While this is nice and all, does anyone get the feeling that KHRONOS has officially given up pretense of introducing new features and is now content to just follow DirectX around? Kinda sad, considering how it wasn't that long ago that they were the pack leader.

Beyond that, they're missing one big feature that (for me anyway) is the primary draw of DirectX 11: Multi-threading. The whole API has been designed around segregating thread-safe and non-thread-safe calls, which is a huge plus even if you don't intend to target DX11 level hardware. As such, just adding a few new features again is a bit of a letdown. [Insert "Should have been called OpenGL 2.x" joke here.]

Still, at the very least this exposes the current hardware capabilities to non-Microsoft platforms, so I guess I can't gripe too much...

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Ravyne    14300
Its not the place of OpenGL to "introduce new features" though -- that's what the extensions are for. OpenGL only *exposes* commonality between the graphics vendors, and does not seek to *impose* commonality in the way that Direct3D does -- which, even still, is essentially decided by a committee of hardware and software vendors.

I do agree on the multithreading issue, however, but being cross-platform does make this a significantly more complicated issue than if they only had Windows to deal with. I would like it if threading were a major focus for OpenGL 5.x though.

You've gotta hand it to Khronos for keeping things moving along though, in comparison to the OpenGL releases of old.

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rbarris    635
I think a more interesting question is, "given a list of what the current crop of GPU's are capable of, where is OpenGL not exposing that functionality?" which is in some sense what has driven the feature set for 3.0, 3.1, 3.2, and 3.3 / 4.0 - there have been basically two GL updates per year for the last two years straight.

It was only a couple of years ago when DX10 was shipping and GL 3.0 was not. DX10 was doing a better job of exposing the silicon features on a timely basis, and GL was not, IMO. If you see parallels between them now, that's not unreasonable, they are on top of the same hardware after all.

GL can't dream up features that the hardware doesn't have (aside from API streamlining type moves), in the best case GL implementations arrive closer to hardware availability in the market. NVIDIA is claiming they will have GL4 available on Fermi at ship, this is good.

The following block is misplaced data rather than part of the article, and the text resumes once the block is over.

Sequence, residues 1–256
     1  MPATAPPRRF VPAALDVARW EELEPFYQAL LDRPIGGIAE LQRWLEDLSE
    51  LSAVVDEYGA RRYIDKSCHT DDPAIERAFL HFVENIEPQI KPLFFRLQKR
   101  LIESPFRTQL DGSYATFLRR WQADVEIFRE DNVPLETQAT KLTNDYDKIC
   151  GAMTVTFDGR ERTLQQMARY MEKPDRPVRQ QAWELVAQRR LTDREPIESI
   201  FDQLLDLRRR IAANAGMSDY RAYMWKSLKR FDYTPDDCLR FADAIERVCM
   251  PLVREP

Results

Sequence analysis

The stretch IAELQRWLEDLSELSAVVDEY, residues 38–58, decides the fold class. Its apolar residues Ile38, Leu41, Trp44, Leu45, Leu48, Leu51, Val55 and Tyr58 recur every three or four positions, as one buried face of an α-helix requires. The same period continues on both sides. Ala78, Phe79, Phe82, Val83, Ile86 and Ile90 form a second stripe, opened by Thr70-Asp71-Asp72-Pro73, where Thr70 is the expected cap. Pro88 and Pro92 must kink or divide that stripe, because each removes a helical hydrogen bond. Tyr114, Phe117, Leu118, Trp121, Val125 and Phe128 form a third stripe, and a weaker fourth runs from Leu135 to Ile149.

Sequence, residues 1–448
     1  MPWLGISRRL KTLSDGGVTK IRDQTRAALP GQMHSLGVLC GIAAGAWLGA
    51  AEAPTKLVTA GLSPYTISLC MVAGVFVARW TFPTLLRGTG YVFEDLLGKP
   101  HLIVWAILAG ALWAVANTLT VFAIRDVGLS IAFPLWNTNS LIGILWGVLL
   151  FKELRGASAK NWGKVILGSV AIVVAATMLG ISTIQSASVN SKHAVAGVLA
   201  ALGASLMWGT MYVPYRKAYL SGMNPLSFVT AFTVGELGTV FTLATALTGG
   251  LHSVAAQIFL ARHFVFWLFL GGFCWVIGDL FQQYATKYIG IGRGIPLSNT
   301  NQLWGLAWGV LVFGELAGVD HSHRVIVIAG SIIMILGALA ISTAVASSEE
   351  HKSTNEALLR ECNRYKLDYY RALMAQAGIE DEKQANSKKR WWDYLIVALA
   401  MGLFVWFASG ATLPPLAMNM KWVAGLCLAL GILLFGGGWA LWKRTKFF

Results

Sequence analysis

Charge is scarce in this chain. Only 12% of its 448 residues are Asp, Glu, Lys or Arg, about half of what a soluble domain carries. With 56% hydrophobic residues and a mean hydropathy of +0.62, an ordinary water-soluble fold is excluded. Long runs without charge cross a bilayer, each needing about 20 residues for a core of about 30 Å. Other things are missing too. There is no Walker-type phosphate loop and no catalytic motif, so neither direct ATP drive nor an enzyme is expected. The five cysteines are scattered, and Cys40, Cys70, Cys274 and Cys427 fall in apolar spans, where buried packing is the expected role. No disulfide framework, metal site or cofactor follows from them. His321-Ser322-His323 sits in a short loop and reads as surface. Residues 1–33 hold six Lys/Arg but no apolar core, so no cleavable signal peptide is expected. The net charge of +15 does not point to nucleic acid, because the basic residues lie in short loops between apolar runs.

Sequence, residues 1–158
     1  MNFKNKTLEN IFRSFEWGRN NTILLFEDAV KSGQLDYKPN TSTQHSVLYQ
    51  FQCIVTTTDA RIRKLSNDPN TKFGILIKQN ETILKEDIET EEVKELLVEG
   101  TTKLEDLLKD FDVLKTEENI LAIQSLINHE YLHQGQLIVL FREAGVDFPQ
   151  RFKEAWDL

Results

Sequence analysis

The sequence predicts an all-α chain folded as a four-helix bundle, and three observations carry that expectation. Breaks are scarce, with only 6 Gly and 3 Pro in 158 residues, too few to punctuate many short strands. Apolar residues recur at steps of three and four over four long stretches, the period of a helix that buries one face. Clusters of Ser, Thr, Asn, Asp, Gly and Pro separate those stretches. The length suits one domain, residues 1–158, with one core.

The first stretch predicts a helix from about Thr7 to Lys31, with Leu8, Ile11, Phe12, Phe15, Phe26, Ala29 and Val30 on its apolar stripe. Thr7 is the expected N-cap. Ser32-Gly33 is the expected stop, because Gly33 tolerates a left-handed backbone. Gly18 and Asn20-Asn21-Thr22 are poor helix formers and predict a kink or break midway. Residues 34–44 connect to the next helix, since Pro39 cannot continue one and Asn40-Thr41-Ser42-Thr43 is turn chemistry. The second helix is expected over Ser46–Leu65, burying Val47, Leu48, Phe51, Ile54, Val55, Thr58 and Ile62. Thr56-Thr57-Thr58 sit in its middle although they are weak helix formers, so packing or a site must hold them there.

When you're behind, you can either close the gap, maintain position, or give up. The observation that Khronos and the OpenGL group is making an ongoing effort to close the gap - whether you feel that gap was "vs. DX" or "vs. hardware capability" - isn't bad news.

A position I have been vocal about is, as long as there is a feature gap against hardware, don't try to reboot the whole API. Timely hardware exposure is Job 1, and this is reflected in the last four releases.

We could be getting close to a corner where the immense pressure to catch up on hardware exposure is easing, and energy can go into other areas, or simply covering issues that have been missed to date. One example of that in GL 3.3 is the separation of sampler state from texture objects - it was an old feature request from DX-savvy developers, and there was finally enough breathing room in the schedule to do it, it's in there.

The multi threading discussion is interesting, there are use cases where async operations have always been possible on GL using a secondary shared context, and I am sure there are new use cases worth looking at that could affect future GL revs where a secondary context doesn't cut it. Look closely at the new ARB-sync stuff, it goes beyond fences and flushes..

There is a feedback thread on forum w.r.t. 4.0 - just as was done for 3.0 / 3.1 / 3.2 - it's a good place to express needs to the working group. The feedback loop has been much more effective with the last couple of releases in particular, and it always helps to be specific about what you want that would help your app.

In summary, 2010 != 2007.

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Enalis    333
Hah, all the posts make so much sense now, thank you! I kinda feel dumb as I've been tinkering with OpenGL for far too long to not know this. Especially since I've used this plenty of times. I guess GLEW always hid the extension loading from me.